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Reviews in Fish Biology and Fisheries

, Volume 26, Issue 3, pp 287–302 | Cite as

Nine decades of fish movement research in southern Africa: a synthesis of research and findings from 1928 to 2014

  • J. Q. Maggs
  • P. D. Cowley
Reviews

Abstract

Unprecedented concern over the biological effects of over-exploitation, together with rapid technological advances in biotelemetry, have provided the impetus for much research, on a global scale, into the movement of marine animals. We reviewed 101 marine and estuarine fish movement studies from southern Africa, published from 1928 to 2014, with the aim of synthesising research trends and findings. Trends showed an increasing emphasis on fish movement research in publications in the sub-tropical and warm-temperate biogeographic regions along the south and east coasts of southern Africa. Although 63 % of publications featured only marine studies, research into fine-scale habitat use in estuaries has been on the increase, concomitant with increasing accessibility of biotelemetry. Overall, 26 families were identified in the surveyed literature with regionally endemic sparids featuring in 32 % of the publications. Ten movement themes were identified in the surveyed literature, including broad-scale movement patterns, which featured in 68 % of studies, followed by fine-scale habitat usage (33 %) and protected areas (26 %). The most prominent phenomenon, emerging from this research, is that of partial migration, which describes the occurrence of resident and migratory behaviour within a coexisting animal population. Substantial progress has also been made in unravelling the complexities of fine-scale habitat usage in marine reserves and in estuaries. While this knowledge has enabled more effective management of South Africa’s multi-user, multi-species fisheries, focus should now be directed at improving our understanding of the commonalities in movement behaviour, the associated driving forces behind this behaviour and the nature of movement across reserve boundaries.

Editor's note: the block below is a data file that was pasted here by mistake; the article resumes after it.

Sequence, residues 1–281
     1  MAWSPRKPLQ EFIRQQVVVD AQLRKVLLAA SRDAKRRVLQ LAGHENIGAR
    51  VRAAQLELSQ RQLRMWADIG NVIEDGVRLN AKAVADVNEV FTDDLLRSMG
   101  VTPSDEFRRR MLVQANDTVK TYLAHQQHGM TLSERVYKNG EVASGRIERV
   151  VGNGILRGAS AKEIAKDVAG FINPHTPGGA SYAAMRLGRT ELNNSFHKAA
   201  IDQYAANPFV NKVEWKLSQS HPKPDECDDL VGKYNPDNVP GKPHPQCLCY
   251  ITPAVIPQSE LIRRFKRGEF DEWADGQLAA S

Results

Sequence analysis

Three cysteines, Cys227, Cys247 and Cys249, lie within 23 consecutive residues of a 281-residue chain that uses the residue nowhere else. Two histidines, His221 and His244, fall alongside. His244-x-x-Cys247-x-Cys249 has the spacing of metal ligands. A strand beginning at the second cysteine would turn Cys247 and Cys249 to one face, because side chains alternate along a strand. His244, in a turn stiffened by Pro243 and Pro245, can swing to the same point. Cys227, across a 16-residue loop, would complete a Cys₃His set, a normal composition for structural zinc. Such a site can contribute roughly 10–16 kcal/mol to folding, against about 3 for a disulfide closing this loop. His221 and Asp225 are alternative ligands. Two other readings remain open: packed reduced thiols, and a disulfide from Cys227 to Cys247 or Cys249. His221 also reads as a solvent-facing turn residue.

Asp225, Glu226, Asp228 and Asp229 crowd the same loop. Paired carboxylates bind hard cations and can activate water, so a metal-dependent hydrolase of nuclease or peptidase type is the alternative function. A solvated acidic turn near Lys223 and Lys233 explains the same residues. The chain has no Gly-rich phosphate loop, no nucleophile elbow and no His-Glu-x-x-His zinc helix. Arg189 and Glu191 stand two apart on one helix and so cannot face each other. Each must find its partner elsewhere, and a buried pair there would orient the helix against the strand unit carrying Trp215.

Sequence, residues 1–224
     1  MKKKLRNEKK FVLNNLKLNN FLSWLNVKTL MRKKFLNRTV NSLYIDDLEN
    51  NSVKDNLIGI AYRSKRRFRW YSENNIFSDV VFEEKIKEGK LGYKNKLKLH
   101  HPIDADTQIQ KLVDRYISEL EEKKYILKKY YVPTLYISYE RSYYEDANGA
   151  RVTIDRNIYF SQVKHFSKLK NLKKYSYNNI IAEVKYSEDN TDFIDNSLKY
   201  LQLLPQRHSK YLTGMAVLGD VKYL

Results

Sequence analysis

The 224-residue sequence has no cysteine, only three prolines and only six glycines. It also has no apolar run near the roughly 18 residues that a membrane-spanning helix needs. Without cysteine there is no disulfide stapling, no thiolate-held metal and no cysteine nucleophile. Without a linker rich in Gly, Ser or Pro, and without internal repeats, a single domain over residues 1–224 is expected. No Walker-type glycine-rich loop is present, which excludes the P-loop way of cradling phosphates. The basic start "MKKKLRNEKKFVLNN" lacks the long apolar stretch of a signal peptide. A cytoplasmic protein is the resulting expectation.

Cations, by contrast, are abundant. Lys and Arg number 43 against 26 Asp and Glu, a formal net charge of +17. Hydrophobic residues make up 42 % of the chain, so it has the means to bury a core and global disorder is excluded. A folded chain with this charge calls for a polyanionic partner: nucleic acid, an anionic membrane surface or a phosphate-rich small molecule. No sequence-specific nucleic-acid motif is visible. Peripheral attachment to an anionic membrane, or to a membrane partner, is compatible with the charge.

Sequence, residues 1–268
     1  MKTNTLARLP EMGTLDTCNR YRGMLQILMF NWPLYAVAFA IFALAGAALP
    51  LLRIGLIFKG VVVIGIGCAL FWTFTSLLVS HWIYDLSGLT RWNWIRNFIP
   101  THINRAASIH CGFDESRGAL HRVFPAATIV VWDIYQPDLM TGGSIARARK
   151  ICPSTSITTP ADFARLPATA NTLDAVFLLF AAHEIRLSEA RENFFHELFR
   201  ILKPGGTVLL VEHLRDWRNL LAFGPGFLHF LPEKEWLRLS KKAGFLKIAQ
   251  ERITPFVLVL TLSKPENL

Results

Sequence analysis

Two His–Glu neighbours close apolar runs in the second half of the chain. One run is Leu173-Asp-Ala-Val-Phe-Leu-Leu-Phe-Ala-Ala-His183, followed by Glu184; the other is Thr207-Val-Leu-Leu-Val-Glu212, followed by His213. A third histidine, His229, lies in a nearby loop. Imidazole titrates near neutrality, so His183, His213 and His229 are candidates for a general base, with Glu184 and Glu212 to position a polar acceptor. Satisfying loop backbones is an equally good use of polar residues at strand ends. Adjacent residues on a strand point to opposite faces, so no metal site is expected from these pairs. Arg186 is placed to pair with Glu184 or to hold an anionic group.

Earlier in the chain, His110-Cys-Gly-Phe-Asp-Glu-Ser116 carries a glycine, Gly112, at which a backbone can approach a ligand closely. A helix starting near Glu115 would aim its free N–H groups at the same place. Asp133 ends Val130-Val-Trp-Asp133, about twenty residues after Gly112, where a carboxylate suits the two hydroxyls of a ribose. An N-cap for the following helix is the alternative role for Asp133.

Keywords

Biotelemetry Fish movement Fish tagging Fish tracking Mark-recapture Fish movement research 

Notes

Acknowledgments

Thank you to the South African Association for Marine Biological Research (SAAMBR), for providing the means to conduct this research. The researchers who have contributed their tagging data to centralised databases and the members of the public who regularly report recaptured fish are gratefully acknowledged. Thank you to Stuart Dunlop for assistance with extracting data from the ORICFTP database and to Marinel Janse van Rensburg for assistance with artwork. Two anonymous reviewers are thanked for constructive comments.

Supplementary material

11160_2016_9425_MOESM1_ESM.pdf (146 kb)
Supplementary material 1 (PDF 145 kb)

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Copyright information

© Springer International Publishing Switzerland 2016

Authors and Affiliations

  1. 1.Oceanographic Research InstituteDurbanSouth Africa
  2. 2.Department of Ichthyology and Fisheries ScienceRhodes UniversityGrahamstownSouth Africa
  3. 3.South African Institute for Aquatic BiodiversityGrahamstownSouth Africa

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